Patient Reported Outcome Measures are used to measure change, and they are one of the ways in which private practices, trusts and hospitals can monitor the impact of services provided to patients. The purpose of gathering information is for quality assurance in regards to the effectiveness of clinical procedures. Clinicians find this information highly useful.
Understanding Patient Reported Outcome Measures
Everyone wants healthcare to be improved. Each and every aspect of healthcare from the better health of the patient to a better experience at hospital can all be quantified and measured.
Elements within these outcomes have been widely agreed and are changes in quality of life and/or health resulting from care. A continual review of these outcomes will establish a set of standards that will improve every aspect of care provided by a medical practice.
Activity data can be a measurement in clinical outcomes and that data could include things like rates of readmission amongst other agreed upon types of measurements. Data could be recorded by staff like nurses, doctors, psychologists and/or other health professionals.
Patients and/or the patients’ families can also report outcome measures. PROMs, Patient Reported Outcome Measures, are a vital way in which outcomes can be measured as perceived by patients’ self-assessment. The analysis includes their assessment as to their general health and the quality of their lives as an outcome of clinical treatments.
Measuring Outcomes Provides Several Benefits
A system of measurement that is reliable will have several benefits, including: Providing patients with groundwork for well-informed options Better public accountability and transparency Giving surgeons the ability to better judge and make improvements in practice Providing evidence to improve service and quality assurance More reliable data for decisions in funding used by health commissioners
Are There Outcome Measurement Barriers?
Why isn’t there already a system in place if outcome measurement is so necessary?
The short answer to that is that coming up with an intelligible, meaningful and fair system can be highly complicated.
These are issues that need to be looked at:
Specialty differences – With 10 specialties and each having specialised practices, it’s impossible to get one approach that is suitable for all
What is measured? Choosing the most common operations by surgeons within specialties in order to gather data is difficult.
How are measurements taken? The success of a surgery is subjective to the patient and the type of surgery as well as how serious the patient’s condition is and the general state of health.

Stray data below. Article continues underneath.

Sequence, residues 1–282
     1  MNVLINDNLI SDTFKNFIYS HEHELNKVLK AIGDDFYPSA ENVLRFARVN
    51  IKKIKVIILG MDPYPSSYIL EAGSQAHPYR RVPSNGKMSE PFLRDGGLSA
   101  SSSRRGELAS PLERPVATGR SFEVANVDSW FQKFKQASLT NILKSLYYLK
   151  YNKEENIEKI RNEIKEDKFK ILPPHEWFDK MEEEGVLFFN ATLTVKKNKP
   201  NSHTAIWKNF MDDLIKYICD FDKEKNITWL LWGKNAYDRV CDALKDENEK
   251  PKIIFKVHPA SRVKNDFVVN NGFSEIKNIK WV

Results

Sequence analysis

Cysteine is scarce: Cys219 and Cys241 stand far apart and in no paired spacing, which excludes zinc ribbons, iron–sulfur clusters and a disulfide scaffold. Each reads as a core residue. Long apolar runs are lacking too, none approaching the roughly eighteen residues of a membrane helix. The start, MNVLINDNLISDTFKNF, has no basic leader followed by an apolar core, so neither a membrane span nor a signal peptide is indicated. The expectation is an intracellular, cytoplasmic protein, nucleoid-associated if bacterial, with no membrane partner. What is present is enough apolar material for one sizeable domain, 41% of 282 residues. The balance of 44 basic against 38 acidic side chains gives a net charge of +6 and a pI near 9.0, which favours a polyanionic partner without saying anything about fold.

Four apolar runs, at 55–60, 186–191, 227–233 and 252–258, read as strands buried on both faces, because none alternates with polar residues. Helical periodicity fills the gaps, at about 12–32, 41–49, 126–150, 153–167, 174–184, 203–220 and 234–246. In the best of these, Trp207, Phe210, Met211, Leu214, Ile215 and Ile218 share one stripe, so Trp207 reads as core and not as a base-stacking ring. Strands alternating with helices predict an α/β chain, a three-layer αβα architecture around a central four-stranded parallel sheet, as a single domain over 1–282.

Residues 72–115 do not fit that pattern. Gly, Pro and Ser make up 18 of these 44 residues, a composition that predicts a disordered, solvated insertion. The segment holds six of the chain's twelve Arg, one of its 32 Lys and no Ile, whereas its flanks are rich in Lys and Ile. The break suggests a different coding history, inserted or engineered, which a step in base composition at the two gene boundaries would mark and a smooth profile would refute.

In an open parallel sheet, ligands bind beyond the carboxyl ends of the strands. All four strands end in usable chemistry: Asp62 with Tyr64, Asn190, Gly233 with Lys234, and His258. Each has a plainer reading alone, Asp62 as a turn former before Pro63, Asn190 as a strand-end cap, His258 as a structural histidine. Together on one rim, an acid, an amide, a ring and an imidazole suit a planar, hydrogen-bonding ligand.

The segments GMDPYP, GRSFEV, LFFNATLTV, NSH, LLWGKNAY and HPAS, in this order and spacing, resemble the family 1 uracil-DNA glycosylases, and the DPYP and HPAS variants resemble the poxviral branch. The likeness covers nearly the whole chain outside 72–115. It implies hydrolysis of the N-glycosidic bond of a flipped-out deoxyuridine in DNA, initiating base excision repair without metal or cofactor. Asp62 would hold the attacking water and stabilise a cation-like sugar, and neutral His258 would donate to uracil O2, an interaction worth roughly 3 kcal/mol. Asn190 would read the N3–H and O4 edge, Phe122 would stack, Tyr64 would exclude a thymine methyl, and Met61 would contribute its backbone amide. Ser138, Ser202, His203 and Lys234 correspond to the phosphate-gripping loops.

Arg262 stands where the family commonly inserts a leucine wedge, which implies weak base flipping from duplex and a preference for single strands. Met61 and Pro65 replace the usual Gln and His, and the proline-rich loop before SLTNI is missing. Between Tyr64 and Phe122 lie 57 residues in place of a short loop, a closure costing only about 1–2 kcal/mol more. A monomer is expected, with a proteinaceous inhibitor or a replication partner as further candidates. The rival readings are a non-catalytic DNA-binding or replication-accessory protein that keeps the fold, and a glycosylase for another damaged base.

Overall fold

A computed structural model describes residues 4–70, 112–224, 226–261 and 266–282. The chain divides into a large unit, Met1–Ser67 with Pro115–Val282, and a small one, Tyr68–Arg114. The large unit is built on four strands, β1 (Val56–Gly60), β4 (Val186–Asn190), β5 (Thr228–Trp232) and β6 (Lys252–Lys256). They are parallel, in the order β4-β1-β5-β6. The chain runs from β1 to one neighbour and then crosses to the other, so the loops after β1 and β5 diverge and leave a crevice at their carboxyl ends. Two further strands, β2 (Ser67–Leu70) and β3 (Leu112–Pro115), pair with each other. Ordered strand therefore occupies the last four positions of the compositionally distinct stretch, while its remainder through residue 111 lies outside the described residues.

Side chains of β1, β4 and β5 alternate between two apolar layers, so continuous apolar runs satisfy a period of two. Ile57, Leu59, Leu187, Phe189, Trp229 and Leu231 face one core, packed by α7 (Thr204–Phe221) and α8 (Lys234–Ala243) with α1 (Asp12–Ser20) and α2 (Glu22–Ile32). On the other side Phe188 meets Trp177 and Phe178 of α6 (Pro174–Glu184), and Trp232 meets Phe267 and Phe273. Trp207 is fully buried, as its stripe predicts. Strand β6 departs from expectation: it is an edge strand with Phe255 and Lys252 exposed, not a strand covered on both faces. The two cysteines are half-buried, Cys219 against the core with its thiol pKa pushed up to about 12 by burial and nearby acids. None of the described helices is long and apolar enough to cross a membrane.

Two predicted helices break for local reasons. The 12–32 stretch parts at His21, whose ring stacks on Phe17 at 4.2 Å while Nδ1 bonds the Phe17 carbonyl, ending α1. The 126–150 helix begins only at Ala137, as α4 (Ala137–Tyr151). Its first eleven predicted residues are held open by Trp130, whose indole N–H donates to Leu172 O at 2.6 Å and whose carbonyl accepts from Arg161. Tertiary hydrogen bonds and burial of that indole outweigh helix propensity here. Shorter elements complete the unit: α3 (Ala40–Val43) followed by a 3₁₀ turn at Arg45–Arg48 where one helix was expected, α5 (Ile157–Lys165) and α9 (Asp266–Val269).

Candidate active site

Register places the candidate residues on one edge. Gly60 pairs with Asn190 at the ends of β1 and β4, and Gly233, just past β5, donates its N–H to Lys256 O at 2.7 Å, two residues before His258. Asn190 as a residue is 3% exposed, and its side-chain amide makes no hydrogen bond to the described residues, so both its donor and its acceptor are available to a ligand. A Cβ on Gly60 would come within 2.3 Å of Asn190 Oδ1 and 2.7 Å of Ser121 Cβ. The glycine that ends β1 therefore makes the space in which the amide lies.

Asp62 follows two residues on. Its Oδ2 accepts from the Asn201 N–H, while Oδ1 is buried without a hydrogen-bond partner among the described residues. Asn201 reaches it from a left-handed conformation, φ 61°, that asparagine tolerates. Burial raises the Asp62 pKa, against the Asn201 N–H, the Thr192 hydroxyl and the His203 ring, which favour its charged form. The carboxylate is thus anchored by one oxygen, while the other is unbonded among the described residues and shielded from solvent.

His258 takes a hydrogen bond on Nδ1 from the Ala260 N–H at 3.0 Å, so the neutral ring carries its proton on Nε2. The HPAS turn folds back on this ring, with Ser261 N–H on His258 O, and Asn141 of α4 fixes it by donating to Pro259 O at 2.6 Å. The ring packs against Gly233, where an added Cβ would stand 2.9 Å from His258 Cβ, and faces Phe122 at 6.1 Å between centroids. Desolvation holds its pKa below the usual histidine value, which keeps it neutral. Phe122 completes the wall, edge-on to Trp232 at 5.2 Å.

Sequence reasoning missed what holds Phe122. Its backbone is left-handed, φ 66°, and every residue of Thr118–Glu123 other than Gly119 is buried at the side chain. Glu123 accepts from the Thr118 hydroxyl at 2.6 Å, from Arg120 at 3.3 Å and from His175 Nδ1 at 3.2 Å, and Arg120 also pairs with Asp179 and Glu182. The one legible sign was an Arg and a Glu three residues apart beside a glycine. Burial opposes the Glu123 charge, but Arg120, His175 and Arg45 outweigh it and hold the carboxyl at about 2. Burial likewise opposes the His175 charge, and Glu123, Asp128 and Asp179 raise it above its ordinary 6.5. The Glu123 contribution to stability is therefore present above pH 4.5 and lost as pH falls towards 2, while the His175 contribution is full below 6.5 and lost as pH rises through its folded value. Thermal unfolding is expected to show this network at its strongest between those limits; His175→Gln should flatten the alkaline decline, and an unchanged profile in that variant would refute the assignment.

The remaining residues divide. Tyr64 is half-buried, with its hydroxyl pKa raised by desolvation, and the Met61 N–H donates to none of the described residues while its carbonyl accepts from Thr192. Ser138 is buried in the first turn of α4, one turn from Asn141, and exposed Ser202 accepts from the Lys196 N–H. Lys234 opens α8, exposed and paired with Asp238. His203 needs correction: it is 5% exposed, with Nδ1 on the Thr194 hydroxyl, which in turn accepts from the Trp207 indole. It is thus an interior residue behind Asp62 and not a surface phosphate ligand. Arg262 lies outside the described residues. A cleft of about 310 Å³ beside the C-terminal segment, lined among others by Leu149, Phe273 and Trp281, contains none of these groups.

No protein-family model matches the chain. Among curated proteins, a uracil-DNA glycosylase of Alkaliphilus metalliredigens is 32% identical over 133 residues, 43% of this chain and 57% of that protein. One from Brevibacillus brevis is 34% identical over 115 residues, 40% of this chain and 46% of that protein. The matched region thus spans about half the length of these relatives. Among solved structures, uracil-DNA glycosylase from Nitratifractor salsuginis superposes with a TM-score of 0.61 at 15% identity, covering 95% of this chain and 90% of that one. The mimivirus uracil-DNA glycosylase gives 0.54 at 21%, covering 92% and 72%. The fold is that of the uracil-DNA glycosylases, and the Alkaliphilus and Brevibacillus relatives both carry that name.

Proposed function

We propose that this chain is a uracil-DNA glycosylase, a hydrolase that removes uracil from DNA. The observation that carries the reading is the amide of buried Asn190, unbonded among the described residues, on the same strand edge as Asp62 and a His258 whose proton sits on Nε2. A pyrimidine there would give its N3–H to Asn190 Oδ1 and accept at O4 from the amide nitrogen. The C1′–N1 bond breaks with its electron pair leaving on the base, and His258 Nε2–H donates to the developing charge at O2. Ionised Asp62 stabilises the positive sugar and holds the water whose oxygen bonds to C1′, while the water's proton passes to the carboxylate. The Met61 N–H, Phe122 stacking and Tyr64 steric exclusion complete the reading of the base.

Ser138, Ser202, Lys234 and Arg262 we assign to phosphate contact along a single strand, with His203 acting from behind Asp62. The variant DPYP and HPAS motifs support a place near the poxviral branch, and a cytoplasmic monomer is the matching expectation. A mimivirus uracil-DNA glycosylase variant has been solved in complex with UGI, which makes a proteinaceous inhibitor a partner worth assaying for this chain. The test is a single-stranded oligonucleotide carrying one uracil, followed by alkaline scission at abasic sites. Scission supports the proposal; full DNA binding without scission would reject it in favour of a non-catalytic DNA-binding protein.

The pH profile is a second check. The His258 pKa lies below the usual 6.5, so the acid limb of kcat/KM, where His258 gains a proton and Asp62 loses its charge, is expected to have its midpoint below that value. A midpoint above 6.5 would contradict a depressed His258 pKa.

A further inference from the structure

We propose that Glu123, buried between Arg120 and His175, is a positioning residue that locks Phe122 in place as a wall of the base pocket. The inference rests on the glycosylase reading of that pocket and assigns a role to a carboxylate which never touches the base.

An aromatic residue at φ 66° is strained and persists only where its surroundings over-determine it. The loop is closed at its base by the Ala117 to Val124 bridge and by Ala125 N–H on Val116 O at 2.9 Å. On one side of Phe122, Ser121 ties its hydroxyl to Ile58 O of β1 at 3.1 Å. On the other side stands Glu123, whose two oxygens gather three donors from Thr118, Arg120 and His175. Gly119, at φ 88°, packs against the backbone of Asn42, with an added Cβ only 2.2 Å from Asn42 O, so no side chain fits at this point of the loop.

Timeframe – What period of time must elapse between surgery and the collection of data? Sometimes it is years later.
Clinical and patient self-reported analysis – Both are given equal weight as both are important. One is a set of measurements that is scientific whilst the other is experiential. The system needs to have enough sophistication to find a happy medium between the two worlds. It is thought that this will come with experience and refinement of methodology.
How will results be published? – Since the data collected is highly complex, the publication must be carefully planned in terms of a variety of audiences. This is especially important in terms of what is being released to the general public so that they can understand the information easily yet it needs to be sophisticated enough for them to be able to make informed choices.
Adjustment for risk factors – The collection of statistics must account for those surgeons performing high risk surgeries and are also involved in the development of techniques that are new. The measurement of outcomes must not foster medical practices to become conservative in light of this.
Quality of data – Across the NHS there is a wide variation in quality in terms of how data is gathered and recorded. Focus must be on improving data systems.
Individual vs team analysis – Modern practices in medicine are working towards better teamwork across various medical disciplines to improve care as well as specialist inter-reliance upon each other. As outcome measures are being refined, there needs to a team focus on results that can filter better down to the individual.